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All I am trying to do is update a textBox (in this case txtInit) from another class. I have been reading a lot about how a UI Thread has to change itself, and something about using a dispatcher. I found an answer on here that seemed close, but I couldnt get it to work for me... it said to try using the line:

MainForm.Dispatcher.Invoke(new Action(delegate() {MainForm.myInstance.txtInit.Text = "Text"};);

In my ServerSide class, I need to send a String to the txtInit textbox on my MainForm.. and that is all I need to do.. thanks for any help.

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Please add a tag to indicate whether you are using C# in a desktop app (WPF, WinForms) or a web app (ASP.Net). – DOK Apr 18 '12 at 13:25
This will be a desktop application, I am using Visual Studio if that matters at all... which I'm not sure that it does. – Ramrod Apr 18 '12 at 13:30
up vote 1 down vote accepted

Classes have nothing to do with threads(which is your problem right now). Each Control has an Invoke method which will do the right thread synchronization for you. So you can do

MainForm.myInstance.txtInit.Invoke((sender, args) => (sender as TextBox).Text = "text");

To improve performance you can test(which basically tells you if you're in the same thread) the Control.IsInvokeRequired property.

Another way to do it is by using the SynchronizationContext of the UI thread which you need to capture in the constructor of the form from SynchronizationContext.Current and then do

syncContext.Send((obj) =>  MainForm.myInstance.txtInit.Text = "Text", null);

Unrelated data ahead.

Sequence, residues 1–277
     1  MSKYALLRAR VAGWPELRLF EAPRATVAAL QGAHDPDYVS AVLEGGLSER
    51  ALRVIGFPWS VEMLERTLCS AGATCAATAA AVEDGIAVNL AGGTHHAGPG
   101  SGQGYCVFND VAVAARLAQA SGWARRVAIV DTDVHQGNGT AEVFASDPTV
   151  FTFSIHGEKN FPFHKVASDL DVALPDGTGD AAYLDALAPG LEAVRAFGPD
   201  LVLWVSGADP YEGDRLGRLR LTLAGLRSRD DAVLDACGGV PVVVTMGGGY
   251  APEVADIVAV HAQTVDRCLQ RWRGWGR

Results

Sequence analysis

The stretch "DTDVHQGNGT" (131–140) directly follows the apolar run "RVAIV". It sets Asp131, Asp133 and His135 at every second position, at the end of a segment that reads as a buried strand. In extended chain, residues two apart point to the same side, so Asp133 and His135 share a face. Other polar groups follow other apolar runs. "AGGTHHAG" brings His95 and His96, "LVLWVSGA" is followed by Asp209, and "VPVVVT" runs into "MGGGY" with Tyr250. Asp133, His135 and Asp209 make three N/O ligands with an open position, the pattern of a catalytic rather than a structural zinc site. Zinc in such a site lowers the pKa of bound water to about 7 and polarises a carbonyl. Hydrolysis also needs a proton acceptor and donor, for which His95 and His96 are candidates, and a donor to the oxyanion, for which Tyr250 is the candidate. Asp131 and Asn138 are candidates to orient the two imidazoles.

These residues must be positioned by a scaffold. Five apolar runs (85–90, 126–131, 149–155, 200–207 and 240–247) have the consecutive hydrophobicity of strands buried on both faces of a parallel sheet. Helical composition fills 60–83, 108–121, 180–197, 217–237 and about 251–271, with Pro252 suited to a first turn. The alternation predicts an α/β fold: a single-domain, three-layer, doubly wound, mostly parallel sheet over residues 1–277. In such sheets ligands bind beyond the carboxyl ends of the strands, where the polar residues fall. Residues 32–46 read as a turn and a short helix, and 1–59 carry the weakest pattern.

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Ok, how exactly do I create an Instance of my MainForm? I know the code I gave uses that, but I'm unsure of what and how to use it. – Ramrod Apr 18 '12 at 13:33
ah - put a static field on your MainForm class and store the instance there - this is called Singleton pattern – Bond Apr 18 '12 at 15:12

I would probably just create a public method on the MainForm that you can pass a string to and let that method set the text for the text box. You can also control whether or not you need to us the Invoke call (different threads) so you never have to worry about coding this in other areas - just call the method and pass the string.

Here is an example:

 public partial class Form1 : Form
        public delegate void UpdateText(string text);
        public Form1()
        public void SetTextBoxText(string text)
            // Check to see if invoke required - (from another thread)
                textBox1.Invoke(new UpdateText(this.SetTextBoxText),

                    new object[]{text});
                textBox1.Text = text;
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But I can't call the method from my other Thread if I can't access the MainForm to use the method... I think I'm thinking about this correctly. In my server class I can't say: MainForm.updateText("Text"); – Ramrod Apr 18 '12 at 13:46
You will need to have a reference to your main form. So if you launch another form - before you call ShowDialog() - you need to either set a property on the child form - or pass a reference via the constructor to the main form. – tsells Apr 18 '12 at 13:48
Ok, so I'm not launching any other forms. public MainForm() { InitializeComponent(); } [STAThread] public static void Main(string[] args) { Application.EnableVisualStyles(); Application.SetCompatibleTextRenderingDefault(false); Application.Run(new MainForm()); } I do not understand where I need to "name"? my MainForm. – Ramrod Apr 18 '12 at 14:01
Won't you be updating from a thread that was spawned from the MainForm processing? Pass it there. – tsells Apr 18 '12 at 17:22
I will be updating the Main UI Thread (Main Thread) from a Thread that was spawned by the Main Thread. – Ramrod Apr 21 '12 at 19:25

If I understand correctly, it seems you want to access the Windows form elements from another thread or from some asynchronous events. In such case following links may help you.


  2. Update UI from multiple worker threads (.NET)

  3. Controlling form elements from a different thread in Windows Mobile

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